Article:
Beckwith makes clear that a solicitor may well behave “inappropriately” or even disgracefully and may well damage his own personal reputation. It does not however follow that in doing so he acted without integrity or harmed the standing of the profession generally. Until now, SRA tended to equate inappropriate behaviour with misconduct, and has published a number of guides setting out its expected standards. The Court ruled such guides play second fiddle to legislation and to the content of the Handbook properly defined and construed. This, the court said, is how conduct is to be assessed. The court also made clear that it is of no help in making an assessment to introduce comparisons with other regulated professionals. There needs to be a clear link between the conduct identified and practice as a solicitor, for this is why we are regulated.
Conduct involving drugs or alcohol
This approach will apply to a whole range of conduct which has no obvious connection to practice as a solicitor. Private sexual conduct is plainly included, but so may conduct involving drugs or alcohol. It is not in my view misconduct to be an alcoholic, but I am aware of at least one instance in which the SRA has advanced a failure to take steps to address alcoholism as part of a prosecution, suggesting it supports a lack of integrity. Solicitors shouldn’t be alcoholics and if they are, they should take effective steps to address it. Really?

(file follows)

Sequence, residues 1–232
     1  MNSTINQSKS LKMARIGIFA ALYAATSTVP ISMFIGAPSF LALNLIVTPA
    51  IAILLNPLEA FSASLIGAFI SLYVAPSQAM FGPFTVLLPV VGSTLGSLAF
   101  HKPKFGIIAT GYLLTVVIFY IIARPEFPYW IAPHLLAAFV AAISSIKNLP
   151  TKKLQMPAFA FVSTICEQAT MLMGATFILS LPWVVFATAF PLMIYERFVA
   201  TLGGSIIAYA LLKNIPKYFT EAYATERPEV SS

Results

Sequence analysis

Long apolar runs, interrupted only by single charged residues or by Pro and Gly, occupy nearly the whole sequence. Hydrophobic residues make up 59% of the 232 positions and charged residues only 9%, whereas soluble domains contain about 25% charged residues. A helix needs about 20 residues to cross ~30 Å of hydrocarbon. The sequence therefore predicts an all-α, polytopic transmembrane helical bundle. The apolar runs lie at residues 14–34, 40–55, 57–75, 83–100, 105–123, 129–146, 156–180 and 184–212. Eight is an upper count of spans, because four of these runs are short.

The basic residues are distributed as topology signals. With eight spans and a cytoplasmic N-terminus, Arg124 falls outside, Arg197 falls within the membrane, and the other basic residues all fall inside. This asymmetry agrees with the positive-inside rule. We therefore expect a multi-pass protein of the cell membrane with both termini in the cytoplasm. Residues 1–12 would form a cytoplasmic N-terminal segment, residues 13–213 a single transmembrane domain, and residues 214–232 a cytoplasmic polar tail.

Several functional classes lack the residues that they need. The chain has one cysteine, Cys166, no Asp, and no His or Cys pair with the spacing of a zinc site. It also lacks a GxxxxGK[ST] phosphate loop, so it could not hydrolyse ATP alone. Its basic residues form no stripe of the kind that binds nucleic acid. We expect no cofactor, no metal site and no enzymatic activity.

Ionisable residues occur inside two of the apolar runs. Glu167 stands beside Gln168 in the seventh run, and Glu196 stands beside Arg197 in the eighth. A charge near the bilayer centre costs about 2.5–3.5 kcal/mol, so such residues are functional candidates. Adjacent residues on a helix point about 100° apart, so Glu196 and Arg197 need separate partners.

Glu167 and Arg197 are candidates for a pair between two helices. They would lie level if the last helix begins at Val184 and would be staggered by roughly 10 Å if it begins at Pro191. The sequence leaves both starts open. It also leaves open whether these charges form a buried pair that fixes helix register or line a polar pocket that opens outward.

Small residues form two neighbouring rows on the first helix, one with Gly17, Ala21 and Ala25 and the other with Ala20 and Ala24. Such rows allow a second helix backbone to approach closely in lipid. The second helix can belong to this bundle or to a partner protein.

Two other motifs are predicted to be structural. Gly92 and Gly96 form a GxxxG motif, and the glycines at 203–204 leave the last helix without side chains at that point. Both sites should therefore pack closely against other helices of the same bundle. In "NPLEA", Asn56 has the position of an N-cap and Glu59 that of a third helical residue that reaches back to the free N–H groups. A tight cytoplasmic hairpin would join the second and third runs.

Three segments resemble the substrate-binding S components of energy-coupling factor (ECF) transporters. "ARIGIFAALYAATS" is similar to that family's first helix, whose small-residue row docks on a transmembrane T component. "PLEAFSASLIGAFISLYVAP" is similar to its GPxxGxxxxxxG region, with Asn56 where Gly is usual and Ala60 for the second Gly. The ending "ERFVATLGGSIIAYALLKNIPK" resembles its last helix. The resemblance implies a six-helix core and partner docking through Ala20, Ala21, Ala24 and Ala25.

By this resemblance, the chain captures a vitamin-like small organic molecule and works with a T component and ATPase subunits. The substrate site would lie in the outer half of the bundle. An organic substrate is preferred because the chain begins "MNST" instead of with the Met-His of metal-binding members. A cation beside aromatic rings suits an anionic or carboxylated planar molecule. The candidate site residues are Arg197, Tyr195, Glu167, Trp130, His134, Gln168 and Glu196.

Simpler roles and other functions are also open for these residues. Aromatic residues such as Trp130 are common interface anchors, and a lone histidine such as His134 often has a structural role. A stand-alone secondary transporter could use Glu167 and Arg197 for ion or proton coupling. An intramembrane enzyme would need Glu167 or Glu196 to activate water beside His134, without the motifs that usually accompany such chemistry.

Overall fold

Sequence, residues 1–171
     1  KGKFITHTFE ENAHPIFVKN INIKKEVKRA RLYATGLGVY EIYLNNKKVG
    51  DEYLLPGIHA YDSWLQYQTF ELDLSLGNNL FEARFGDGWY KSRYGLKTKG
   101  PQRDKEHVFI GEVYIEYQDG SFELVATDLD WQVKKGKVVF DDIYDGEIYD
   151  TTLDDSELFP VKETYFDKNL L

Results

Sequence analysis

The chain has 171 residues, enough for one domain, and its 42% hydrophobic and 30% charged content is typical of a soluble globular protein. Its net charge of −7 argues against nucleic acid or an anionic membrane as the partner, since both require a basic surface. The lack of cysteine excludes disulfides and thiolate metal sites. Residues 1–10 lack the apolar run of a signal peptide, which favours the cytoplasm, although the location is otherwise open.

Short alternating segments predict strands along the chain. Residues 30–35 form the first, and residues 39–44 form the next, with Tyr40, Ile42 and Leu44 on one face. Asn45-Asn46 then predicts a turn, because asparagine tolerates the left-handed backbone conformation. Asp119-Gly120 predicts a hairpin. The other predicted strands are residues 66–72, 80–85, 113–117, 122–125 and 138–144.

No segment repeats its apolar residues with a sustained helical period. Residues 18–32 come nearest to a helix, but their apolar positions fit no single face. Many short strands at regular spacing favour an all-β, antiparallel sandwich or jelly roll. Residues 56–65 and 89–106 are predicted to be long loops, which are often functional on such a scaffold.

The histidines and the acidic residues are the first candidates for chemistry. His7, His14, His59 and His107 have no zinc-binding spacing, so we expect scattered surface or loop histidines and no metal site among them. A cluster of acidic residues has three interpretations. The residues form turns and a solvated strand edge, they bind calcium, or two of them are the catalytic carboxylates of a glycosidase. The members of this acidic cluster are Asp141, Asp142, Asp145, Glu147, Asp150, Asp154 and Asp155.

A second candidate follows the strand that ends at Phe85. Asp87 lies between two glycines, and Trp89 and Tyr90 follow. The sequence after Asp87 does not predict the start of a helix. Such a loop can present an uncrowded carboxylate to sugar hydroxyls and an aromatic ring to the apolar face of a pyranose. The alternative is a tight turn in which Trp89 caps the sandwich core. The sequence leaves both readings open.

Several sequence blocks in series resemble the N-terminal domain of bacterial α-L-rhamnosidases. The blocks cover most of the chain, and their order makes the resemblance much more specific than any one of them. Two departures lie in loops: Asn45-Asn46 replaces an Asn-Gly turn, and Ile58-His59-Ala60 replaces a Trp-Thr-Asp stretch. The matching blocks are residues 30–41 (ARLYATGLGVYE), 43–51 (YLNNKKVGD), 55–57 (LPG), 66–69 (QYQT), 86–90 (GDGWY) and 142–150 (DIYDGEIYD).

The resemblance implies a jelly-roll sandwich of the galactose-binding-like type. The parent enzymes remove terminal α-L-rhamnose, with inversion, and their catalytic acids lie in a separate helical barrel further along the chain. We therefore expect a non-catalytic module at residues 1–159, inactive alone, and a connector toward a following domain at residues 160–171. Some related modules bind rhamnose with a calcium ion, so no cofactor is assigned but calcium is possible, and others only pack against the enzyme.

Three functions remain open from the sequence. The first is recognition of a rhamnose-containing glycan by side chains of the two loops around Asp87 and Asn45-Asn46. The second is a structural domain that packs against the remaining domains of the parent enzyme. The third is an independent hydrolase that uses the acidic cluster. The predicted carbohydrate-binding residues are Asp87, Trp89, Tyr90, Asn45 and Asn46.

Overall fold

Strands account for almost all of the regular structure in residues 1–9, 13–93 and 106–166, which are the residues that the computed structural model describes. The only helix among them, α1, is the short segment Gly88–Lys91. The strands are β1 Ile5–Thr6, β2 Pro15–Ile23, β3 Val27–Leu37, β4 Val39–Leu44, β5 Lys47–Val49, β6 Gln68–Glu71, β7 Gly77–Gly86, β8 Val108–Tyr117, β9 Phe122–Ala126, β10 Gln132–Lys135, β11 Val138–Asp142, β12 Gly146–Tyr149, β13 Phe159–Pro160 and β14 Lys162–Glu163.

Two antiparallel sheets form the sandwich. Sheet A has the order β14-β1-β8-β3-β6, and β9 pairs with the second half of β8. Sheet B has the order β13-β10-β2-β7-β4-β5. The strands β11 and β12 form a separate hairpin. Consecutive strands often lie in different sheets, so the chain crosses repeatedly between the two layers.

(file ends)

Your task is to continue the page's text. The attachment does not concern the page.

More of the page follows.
The most welcome thrust of Beckwith is that SRA is no longer free to sets its own free standing standards; it must do so clearly by reference to the Handbook and the obligations in it as properly defined. This will at last bring a degree of certainty and remove the ever present moral judgment that punctuates prosecutions that touch on private lives. The SRA should not require solicitors to be paragons of virtue in their private lives – we are entitled to have one!